Indeed, the Constitution does not permit us in Congress to prohibit the expression of an idea simply because we disagree with it.  To paraphrase Justice Oliver Wendell Holmes, the Constitution protects not only freedom for the thought and expression we agree with, but also the freedom for the thought that we abhor.  I am devoted to that principle, and I am confident that this amendment does not contradict it.   

President Obama supports the immediate passage of hate crimes legislation.  In just a few months in office, he has acted to ensure that Federal benefits are awarded more equitably, regardless of sexual orientation.  He has shown through his selection of a nominee for the Supreme Court that he understands that the greatest talent and experience and the highest devotion to the law exist across lines of gender and ethnicity.  Unlike in previous years, our bipartisan hate crimes bill does not face a veto threat because we have a President who understands that crimes motivated by bias are particularly pernicious crimes that affect more than just their victims and those victims’ families.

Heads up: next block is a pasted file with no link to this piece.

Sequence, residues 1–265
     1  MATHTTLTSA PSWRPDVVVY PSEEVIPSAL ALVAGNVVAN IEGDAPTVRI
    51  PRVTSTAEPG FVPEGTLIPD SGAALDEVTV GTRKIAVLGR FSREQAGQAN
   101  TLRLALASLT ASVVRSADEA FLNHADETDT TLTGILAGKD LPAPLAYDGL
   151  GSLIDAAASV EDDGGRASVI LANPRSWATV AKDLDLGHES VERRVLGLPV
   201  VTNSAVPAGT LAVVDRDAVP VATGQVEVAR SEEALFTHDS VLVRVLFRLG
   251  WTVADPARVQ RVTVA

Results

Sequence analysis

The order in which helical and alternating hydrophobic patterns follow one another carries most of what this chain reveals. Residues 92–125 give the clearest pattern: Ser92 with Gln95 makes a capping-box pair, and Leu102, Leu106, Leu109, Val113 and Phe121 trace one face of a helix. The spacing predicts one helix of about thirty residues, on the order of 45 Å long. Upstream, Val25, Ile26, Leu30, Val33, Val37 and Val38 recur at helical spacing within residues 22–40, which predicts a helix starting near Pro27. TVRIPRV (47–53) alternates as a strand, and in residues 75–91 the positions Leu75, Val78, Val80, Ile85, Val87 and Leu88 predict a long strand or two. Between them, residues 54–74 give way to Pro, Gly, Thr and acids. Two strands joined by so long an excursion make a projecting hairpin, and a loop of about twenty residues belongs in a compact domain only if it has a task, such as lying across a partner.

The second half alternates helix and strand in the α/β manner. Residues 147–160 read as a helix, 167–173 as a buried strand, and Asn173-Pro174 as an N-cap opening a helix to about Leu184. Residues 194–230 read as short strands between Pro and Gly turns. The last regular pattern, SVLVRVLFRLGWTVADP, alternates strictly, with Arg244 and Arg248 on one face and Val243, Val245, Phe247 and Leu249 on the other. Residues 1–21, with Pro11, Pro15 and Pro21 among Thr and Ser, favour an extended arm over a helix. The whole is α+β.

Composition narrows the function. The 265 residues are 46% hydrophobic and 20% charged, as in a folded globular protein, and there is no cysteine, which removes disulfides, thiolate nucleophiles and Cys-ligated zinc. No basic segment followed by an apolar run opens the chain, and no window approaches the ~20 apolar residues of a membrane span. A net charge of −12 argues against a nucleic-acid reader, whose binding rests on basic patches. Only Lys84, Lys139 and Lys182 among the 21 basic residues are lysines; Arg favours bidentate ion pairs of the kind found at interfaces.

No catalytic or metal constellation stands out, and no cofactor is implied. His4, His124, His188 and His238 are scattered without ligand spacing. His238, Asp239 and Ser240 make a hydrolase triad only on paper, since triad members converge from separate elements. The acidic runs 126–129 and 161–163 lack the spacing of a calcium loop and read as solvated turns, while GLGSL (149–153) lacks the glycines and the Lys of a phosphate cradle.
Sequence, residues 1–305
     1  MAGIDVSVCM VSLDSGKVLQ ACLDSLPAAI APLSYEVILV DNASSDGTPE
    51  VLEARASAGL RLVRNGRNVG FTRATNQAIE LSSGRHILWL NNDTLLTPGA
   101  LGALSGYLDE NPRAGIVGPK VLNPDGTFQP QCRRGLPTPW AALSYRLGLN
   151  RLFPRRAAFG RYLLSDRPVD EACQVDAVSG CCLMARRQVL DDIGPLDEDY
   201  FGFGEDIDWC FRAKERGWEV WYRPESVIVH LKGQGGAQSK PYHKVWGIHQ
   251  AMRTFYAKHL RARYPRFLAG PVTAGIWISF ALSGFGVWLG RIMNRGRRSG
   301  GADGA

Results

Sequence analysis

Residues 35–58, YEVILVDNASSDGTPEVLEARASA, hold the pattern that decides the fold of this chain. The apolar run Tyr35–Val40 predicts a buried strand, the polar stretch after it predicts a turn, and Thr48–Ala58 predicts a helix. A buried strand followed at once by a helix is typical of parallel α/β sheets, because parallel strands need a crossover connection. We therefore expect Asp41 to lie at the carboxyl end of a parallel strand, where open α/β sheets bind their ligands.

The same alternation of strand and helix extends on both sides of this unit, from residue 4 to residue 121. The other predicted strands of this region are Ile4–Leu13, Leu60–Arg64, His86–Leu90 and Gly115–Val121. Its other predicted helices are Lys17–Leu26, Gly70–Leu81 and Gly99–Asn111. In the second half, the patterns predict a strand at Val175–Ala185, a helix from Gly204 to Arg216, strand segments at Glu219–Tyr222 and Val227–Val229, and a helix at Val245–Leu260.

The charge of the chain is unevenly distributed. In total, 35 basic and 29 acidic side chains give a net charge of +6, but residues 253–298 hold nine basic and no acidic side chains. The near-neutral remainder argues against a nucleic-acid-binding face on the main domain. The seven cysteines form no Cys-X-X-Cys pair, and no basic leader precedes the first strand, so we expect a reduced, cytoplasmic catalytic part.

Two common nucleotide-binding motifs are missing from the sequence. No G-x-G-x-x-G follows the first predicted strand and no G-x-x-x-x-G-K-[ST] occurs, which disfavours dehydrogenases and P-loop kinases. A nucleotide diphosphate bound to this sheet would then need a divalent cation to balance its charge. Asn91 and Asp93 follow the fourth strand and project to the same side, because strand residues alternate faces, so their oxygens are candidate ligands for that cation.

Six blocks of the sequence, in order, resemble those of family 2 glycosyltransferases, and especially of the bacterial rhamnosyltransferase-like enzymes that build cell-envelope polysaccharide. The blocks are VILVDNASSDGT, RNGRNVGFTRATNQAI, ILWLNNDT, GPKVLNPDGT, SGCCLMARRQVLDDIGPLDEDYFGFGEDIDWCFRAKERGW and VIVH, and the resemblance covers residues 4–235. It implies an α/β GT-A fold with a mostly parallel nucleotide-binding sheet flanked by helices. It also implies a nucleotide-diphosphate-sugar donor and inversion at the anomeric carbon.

Hate crimes instill fear in those who have no connection to the victim other than a shared characteristic such as race or sexual orientation.  For nearly 150 years, we have responded as a Nation to deter and to punish violent denials of civil rights by enacting Federal laws to protect the civil rights of all of our citizens.  The Matthew Shepard Hate Crimes Prevention Act of 2009 continues that great and honorable tradition.  Adoption of this amendment will show, once again, that America values tolerance and protects all of its people.  I urge the opponents of this measure to consider the message it sends when, year after year, we are prevented from enacting this broadly supported legislation.  The victims of hate deserve better.  I hope all Senators will join me in support of this important amendment.